At Apple’s World Wide Developer Conference this month, it was announced that Safari 7/6.1 would bring improvements in JavaScript performance and memory usage, as well as a new look for Top Sites and the Sidebar, and a new Shared Links feature. Additionally, a new Power Saver feature pauses Plugins which aren’t in use. Safari 7 for OS X Mavericks and Safari 6.1 (for Lion and Mountain Lion) is expected to be available this Autumn… but sadly, there’s still no sign of any more updates for Safari on Windows (which is still currently stuck at v5.1.7)

MIDAS is currently supported in Safari 4+ (v5+ recommended)

Web Browser Roundup – April 2013

It’s been a busy few weeks in the world of web browsers… and there’s been some major changes in the browser landscape too! So here’s our take on what’s been happening..

  • Internet Explorer – IE11 coming later this year? / IE10 available for Windows 7 / Farewell IE8
  • Firefox – v20 now available… and a new rendering engine on the horizon?
  • Chrome – v26 out now… and ANOTHER new rendering engine on the horizon?!
  • Opera – 12.15 now available… and a change in rendering engine to.. WebKit? no wait.. Blink?
  • Safari – What will all these rendering engine changes to other browsers mean for Safari?


Internet Explorer:
Internet Explorer 11 coming soon
Microsoft are busy working on their next update for Windows 8, currently billed as being “Windows 8.1”, and expected to be available in the latter half of this year. Windows 8.1 will almost be a kind of “service pack” for Windows 8, but will also contain a number of improvements and updates to apps & software. Perhaps the most exciting updating coming with Windows 8.1 will be Internet Explorer 11. Yes, that’s right, no sooner is IE10 out of the door, but Microsoft are following it up with IE11 in a relatively short space of time (well, for them anyway!). We think this is great to see from Microsoft, as in the past updates to their flagship browser have been few and far between. Compare that with Mozilla’s current release cycle for Firefox, who are churning out a new version of Firefox every 6 weeks!

MIDAS will be supported in IE11 when it becomes available, however, it is unknown whether IE11 itself will be “exclusive” to Windows 8.1, or whether, like IE10, it will also be made available for Windows 7 users as well.

…and yes, you did read that right – Internet Explorer 10 is available for Windows 7 right now! (and has been for over a month). If you’re a Windows 7 and Internet Explorer user, we strongly recommend that you update to IE10 get the best out of MIDAS.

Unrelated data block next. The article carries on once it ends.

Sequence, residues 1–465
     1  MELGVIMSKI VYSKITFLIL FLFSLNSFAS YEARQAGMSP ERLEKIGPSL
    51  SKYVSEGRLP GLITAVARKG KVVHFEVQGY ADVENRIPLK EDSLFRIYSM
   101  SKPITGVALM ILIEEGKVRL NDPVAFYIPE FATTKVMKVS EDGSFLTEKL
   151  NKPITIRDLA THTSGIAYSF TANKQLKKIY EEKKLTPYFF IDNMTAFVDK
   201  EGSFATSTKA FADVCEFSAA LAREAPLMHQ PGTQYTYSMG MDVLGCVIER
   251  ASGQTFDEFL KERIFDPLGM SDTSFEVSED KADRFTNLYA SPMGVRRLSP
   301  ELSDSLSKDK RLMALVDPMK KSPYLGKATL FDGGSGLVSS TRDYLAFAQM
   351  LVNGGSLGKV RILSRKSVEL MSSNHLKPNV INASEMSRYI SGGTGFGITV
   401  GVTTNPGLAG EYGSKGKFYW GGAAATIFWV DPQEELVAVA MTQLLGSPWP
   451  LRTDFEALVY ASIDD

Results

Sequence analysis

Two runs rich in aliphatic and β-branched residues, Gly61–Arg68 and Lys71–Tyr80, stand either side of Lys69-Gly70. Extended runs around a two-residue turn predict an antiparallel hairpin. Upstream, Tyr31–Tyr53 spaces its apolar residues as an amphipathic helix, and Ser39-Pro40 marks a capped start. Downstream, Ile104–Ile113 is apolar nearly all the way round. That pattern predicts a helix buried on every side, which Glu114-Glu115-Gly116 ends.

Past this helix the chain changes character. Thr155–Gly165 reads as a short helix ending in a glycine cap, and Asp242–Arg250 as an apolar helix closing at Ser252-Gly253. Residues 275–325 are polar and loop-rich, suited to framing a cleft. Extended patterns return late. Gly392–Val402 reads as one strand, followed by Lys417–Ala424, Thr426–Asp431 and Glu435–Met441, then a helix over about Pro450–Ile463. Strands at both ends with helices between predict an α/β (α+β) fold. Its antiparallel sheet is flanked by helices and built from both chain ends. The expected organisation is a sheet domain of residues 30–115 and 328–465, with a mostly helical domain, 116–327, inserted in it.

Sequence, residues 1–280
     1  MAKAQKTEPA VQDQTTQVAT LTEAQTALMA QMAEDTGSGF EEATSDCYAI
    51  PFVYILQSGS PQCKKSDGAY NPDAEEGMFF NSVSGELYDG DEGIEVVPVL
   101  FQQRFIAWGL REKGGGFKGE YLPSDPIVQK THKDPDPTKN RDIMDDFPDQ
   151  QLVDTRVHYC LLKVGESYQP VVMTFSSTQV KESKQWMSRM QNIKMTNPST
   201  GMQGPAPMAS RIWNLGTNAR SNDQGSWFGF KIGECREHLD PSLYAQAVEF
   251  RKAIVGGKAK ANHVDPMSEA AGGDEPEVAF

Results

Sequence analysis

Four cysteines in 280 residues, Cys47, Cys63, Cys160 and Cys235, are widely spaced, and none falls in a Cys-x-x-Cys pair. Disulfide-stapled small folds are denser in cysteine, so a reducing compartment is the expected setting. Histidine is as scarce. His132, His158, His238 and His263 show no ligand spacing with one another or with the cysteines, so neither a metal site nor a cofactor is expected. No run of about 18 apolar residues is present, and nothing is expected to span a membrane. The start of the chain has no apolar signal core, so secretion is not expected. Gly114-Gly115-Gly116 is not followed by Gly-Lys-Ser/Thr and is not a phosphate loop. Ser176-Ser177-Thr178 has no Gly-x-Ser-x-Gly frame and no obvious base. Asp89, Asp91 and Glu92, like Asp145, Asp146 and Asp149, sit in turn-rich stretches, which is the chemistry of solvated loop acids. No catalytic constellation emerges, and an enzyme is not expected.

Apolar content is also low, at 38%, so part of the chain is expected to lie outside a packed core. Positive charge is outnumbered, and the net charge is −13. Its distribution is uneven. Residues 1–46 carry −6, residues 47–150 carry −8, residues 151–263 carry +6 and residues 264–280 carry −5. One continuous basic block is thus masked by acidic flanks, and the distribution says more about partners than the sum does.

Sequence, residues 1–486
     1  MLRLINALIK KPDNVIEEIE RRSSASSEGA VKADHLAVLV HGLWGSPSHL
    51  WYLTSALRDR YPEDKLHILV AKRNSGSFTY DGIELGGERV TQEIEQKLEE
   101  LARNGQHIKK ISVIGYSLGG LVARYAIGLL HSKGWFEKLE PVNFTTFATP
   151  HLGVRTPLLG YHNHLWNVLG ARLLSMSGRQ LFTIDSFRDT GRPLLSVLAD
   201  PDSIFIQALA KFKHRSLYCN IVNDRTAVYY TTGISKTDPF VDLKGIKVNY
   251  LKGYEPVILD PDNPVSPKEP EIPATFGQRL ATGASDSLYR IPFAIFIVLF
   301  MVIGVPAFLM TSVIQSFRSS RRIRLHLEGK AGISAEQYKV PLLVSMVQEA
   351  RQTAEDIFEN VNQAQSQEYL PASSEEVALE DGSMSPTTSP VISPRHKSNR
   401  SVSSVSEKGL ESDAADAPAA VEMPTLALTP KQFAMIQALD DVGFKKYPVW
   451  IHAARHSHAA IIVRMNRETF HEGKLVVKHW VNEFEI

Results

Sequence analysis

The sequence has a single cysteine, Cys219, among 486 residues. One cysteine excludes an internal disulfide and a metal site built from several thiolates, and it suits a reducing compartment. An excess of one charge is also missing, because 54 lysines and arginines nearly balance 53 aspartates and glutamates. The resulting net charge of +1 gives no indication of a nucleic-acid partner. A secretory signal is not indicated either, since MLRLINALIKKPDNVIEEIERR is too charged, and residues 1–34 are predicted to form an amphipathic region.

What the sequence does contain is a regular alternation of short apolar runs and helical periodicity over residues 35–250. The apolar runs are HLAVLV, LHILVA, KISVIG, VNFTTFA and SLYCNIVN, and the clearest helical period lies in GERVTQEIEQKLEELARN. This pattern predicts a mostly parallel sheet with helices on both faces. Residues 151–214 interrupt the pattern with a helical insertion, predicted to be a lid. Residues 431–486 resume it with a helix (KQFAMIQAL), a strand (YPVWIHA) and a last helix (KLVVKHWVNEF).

Finally, if you’re still an Internet Explorer 8 user please read our “Saying farewell to Internet Explorer 8” post and upgrade your browser… as we won’t be supporting MIDAS in IE8 indefinitely!

MIDAS is currently supported in Internet Explorer 8+ (v10+ recommended)


Mozilla Firefox:
Firefox 20
Mozilla’s rapid release cycle means that we’re now up to Firefox version 20! In a tweet yesterday, the Firefox team claim that with their latest version of Firefox “you can get the web up to 7 times faster than older versions”.

Mozilla also announced last week that they were collaborating with Samsung on a new rendering engine, named “Servo”. A “rendering engine” is essentially what converts raw web page code into what you actually see on your browser screen. Mozilla’s long standing rendering engine has been “Gecko”, but according to Mozilla, “Servo is a research project to develop a new web browser engine. Our goal is to create an architecture that takes advantage of parallelism at many levels, both on the CPU and GPU, while eliminating common sources of bugs and security vulnerabilities associated with incorrect memory management and data races. With Servo, we aim to take the kinds of fluid, richer multimedia experiences expected in today’s smart phone and tablet applications to the next level on tomorrow’s web and tomorrow’s hardware.”
“Servo” is still in its early days and according to Mozilla, “It’s too early to say how [Servo] will be adopted going forward. No decision has been made as to whether Servo will replace Gecko. Gecko remains the ‘productised’ web engine for Mozilla.”